While I value my privacy, stiffing a merchant because I accidently picked up a counterfeit bill as change or a payment from someone else.
    The merchant is the one who loses the money because the bill is counterfeit is not something most of do not want to do.
    So do we all need to buy a machine that detects bad bills?
    No, because then it would be our loss. Some merchants already have bad-bill detectors installed at each checkout location. And all that causes us to avoid using cash, even for our kids' weekly allowances.

    So, dots on colour copiers is a way to protect us all from bogus bills. There is no way that any government agency can look at billions of pieces
    of paper. And we can still use black and white for our secure items or ink-jet colour printers for our own documents.
    • Might Not Be Your Loss

      for many folks, homeowner's insurance will reimburse them for counterfeit currency that might happen to come their way.

      mark d.
      • Maybe, but at what cost?

        These days, most of us have cranked up the deductible on our
        homeowners (or renters) insurance to try to keep the premium
        down--so it becomes catastrophe insurance, not something to
        use for a fake $100 bill.

        Worse, there is a lot of press about insurance companies "firing"
        customers after any claim, or only a couple of claims, by simply
        denying them coverage. Then you face a surcharge premium at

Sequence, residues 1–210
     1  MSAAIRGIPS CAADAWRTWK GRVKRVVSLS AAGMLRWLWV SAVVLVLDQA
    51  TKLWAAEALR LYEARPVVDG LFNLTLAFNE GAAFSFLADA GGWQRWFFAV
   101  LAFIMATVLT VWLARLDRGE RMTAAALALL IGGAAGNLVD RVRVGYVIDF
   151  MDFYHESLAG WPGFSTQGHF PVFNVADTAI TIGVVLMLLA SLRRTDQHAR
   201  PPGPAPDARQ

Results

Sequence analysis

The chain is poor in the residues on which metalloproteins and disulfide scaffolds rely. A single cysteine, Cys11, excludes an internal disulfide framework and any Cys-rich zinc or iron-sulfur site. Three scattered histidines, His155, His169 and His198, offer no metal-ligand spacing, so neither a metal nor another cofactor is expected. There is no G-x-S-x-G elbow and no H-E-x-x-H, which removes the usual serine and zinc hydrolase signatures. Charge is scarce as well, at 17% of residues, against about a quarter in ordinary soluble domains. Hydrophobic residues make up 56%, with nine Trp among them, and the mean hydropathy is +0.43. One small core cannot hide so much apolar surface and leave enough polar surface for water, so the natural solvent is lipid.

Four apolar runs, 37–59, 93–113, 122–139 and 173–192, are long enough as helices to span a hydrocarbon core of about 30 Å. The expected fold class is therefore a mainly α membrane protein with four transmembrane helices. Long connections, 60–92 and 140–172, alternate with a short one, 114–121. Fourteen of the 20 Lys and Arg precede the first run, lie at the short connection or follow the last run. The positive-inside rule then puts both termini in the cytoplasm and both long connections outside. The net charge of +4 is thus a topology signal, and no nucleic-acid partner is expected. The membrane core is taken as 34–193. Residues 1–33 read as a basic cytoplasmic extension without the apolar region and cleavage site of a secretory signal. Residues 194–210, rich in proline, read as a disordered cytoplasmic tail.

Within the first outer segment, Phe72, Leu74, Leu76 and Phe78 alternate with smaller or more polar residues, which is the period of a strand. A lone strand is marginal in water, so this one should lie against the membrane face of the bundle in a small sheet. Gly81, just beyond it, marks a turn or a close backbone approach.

the next company because the industry database shows you
        were denied coverage--so YOU must be a problem! Pathetic.
  • Much ado about nuthin

    Soooo, you have the Serial # of the printer, BIG DEAL! How do you find the owner of that printer if they did not register it with the MFG??

    If it is a CORPORATION and the printer is on a shared network, how do you determine WHO actually made the printout??

    What if it was made on a "Demonstrator" still sitting on the shelf in an retail store?? You are never going to be able to find out who made it then.
    • Re: Much ado about nuthin

      Dude, wake up!

      >>>Soooo, you have the Serial # of the printer, BIG DEAL! How do you find the owner of that printer if they did not register it with the MFG?? <<<

      To which distributor/reseller did the manufacturer send the printer? To who did the d/r sell that printer to? Screw registration, they can find you by tracing the route the printer took from manufacturing.

      >>>If it is a CORPORATION and the printer is on a shared network, how do you determine WHO actually made the printout?? <<<

      If they are using any version of Windows as of NT 3.51 or later, or any version of Unix, admins can tell you when and who printed anything.

      >>>What if it was made on a "Demonstrator" still sitting on the shelf in an retail store?? You are never going to be able to find out who made it then.<<<

      You're assuming that retail stores don't keep at least three years of archived in store security footage... say, like Best Buy does? My best friend is a security consultant for their security division out of the Bay area...
  • Is it April 1st already?

    As usual we get all the phobias commenting. So what if somebody can trace you? Who cares? Next we'll be getting number plates off cars in case it helps track down who mowed little Johny down as he crossed the road going to church.
    It's all about amassing specific evidence form 'a source' not about Joe Bloggs and his word doc. Anyway, all printers have the facility to 'correct' or change the serial number to anything we want (We're meant to do it every time we swap the main engine board). So sleep easy, unless they change it to the number of your machine! That would be funny.

    ps The stores in my area wouldn't take a hit.... they'd simply pass it on to the next unsuspecting mug (you or me)!
    • I agree but.